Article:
The key characteristic of a black hat pen test is that the team has no prior knowledge of the target. This type of pen test simulates a real-world attack.
White Box / White Hat Penetration Testing
With a white hat pen test the team has full access to the target as well as all necessary source code and documentation. The purpose of this test is to evaluate all aspects of system security.
Grey Box / Grey Hat Penetration Testing
The pen test team has partial knowledge of the system. This type of pen test is meant to simulate a real-world scenario where, say, a disgruntled employee could be the attacker.
In addition to these three flavours of penetration tests, different types can also be requested, each with a specific aim:
Network Penetration Testing
The purpose of a network pen test is to identify vulnerabilities that could be exploited to allow unauthorised users control over the network or network resources. This can involve testing of servers and network hosts, firewalls, and other network protocols.
Web App Penetration Testing
Websites and web apps are tested for vulnerabilities such as Cross-Site Scripting (XSS), SQL Injection, and Cross-Site Request Forgery (CSRF). This is especially important for eCommerce sites and applications working toward PCI DSS certification.
Mobile App Penetration Testing
Here the pen test team tests mobile apps for potential vulnerabilities such as insecure data storage, weak encryption, or vulnerabilities specific to Android or iOS operating systems.
Wireless Penetration Testing
This type of testing probes wireless networks, such as WiFi and Bluetooth, for vulnerabilities which may include weak encryption algorithms, insecure protocols, or unauthorised access points.
Social Engineering Penetration Testing
How aware are your personnel? Do they adhere to security policies? That’s what the social engineering penetration testing examines with techniques such as phishing emails, pretext calling, or physical security tests to manipulate employees into revealing sensitive information or granting access to systems.
Physical Penetration Testing
As the name suggests, the pen test team attempts to gain physical access to sensitive areas on the premises such as server rooms or on-premises data centres. The goal is to assess physical security measures.
Cloud Penetration Testing
Cloud penetration testing evaluates the security of a company’s cloud-based systems and infrastructure. This is especially important in a cloud-enabled digital landscape where access to cloud-based services have become the norm.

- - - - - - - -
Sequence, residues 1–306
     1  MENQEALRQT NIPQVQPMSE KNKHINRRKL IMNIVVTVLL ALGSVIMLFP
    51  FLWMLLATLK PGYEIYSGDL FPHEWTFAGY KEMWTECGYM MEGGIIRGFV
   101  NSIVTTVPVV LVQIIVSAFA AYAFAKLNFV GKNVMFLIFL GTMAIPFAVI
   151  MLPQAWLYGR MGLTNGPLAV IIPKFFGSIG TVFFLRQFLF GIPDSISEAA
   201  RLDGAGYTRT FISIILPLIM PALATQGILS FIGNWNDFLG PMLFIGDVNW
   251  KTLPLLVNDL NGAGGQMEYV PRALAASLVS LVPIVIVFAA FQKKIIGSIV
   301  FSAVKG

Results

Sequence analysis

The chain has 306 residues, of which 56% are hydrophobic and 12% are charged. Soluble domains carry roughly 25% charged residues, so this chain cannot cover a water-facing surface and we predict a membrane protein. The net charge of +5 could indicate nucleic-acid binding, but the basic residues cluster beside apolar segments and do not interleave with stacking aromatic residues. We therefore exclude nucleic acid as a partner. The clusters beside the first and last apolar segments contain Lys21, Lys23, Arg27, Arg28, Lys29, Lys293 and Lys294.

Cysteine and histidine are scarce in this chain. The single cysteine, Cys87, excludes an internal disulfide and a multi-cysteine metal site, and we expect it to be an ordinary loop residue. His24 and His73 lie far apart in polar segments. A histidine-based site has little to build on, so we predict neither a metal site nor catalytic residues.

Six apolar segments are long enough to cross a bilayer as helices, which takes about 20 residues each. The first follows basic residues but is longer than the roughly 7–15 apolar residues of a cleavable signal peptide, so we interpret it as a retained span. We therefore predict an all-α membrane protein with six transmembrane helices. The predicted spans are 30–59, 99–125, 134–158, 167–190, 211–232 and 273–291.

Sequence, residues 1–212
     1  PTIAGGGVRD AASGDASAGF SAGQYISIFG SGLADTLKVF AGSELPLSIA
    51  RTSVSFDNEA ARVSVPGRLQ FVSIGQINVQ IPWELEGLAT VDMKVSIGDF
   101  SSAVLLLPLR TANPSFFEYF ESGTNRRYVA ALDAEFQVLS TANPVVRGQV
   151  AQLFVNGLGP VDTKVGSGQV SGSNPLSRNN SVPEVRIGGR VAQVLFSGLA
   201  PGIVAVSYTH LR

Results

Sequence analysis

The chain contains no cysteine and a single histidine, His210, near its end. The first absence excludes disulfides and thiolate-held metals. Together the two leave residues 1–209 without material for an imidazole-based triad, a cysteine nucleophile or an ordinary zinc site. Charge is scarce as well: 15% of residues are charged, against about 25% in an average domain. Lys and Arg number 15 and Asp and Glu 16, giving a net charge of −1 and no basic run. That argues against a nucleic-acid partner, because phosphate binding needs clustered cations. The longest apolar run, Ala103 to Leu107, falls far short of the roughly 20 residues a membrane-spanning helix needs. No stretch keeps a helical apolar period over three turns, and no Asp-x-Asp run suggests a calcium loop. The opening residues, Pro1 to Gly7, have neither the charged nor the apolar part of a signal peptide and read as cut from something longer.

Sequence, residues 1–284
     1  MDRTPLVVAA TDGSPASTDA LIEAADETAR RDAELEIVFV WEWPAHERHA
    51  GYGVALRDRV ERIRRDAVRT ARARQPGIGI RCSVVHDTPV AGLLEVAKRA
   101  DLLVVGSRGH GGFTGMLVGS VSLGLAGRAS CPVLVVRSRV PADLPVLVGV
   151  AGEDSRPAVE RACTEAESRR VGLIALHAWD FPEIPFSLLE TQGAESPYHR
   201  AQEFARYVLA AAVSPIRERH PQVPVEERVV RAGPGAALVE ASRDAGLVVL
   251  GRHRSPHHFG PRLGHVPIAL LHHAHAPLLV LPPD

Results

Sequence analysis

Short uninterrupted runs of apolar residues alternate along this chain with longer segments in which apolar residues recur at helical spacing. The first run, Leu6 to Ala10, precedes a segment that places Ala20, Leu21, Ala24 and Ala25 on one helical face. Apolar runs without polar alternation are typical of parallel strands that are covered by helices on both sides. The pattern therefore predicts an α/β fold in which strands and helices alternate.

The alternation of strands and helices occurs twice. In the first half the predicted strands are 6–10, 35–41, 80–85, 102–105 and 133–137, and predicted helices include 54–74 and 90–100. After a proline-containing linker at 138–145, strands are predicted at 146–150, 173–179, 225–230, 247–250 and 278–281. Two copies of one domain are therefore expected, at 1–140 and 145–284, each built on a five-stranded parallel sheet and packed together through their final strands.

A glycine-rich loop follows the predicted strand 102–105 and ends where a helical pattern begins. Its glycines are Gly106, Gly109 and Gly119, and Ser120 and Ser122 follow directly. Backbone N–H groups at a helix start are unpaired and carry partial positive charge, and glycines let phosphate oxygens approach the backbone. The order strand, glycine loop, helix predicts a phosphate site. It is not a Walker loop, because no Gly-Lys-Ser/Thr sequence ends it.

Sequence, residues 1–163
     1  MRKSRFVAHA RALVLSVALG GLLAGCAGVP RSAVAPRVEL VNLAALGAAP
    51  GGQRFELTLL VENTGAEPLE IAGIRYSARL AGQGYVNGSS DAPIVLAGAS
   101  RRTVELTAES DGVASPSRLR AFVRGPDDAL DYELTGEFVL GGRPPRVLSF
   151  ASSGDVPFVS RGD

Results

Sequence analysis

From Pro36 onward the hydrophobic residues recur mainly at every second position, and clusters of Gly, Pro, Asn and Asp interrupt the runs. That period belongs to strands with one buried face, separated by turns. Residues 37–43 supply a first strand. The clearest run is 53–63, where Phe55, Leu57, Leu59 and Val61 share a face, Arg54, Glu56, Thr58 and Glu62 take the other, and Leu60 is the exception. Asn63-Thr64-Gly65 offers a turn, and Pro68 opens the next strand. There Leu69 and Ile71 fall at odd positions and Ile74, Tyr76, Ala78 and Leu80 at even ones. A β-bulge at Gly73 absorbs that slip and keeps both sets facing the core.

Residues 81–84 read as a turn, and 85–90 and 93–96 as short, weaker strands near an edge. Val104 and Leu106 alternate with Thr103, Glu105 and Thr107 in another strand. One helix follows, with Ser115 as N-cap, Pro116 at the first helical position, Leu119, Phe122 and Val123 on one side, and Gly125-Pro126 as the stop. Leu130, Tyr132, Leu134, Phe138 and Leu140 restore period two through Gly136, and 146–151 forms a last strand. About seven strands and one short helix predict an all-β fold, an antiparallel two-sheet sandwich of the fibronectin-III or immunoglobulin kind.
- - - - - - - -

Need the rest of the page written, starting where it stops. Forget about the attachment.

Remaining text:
Red Teaming combines all the (applicable) penetration tests mentioned above into one. It is a full scope controlled attack on an organisation’s security, both digital and physical.
Pen testing can involve the attempted breaching of any number of application systems, (e.g., application protocol interfaces (APIs), frontend/backend servers) to uncover vulnerabilities, such as unsanitized inputs that are susceptible to code injection attacks.
Prevention is better than cure. In that context, a penetration test actively identifies weaknesses in your online security, and provides the reporting and assistance to eliminate those vulnerabilities. A penetration test can also be used to fuel compliance with regulatory auditing requirements, enhance technical controls, and deliver overall confidence in your hosting security.
No. The difference between penetration testing and “black hat” hacking attempts is that penetration testing is controlled and therefore pose no threats to your sites or servers. Another term for penetration testing is “ethical hacking”, of which the aim is simply to improve the security of the target website.
By shoring up the vulnerabilities exposed during penetration testing, you can dramatically reduce the risk of a breach through your website or server.
Vulnerability scanning proactively identifies vulnerabilities. Typically, a vulnerability scan is an automated process that relies on software to scan for and identify vulnerabilities. Human input can sometimes be required during the analysis phase to interpret results and to eliminate false positives.
An example of a vulnerability scan is Storm’s PCI external vulnerability conducted by SecurityMetrics, which is a Payment Card Industry Data Security Standard (PCI DSS) Approved Scanning Vendor (ASV). Learn more about Storm’s PCI External Vulnerability Scans.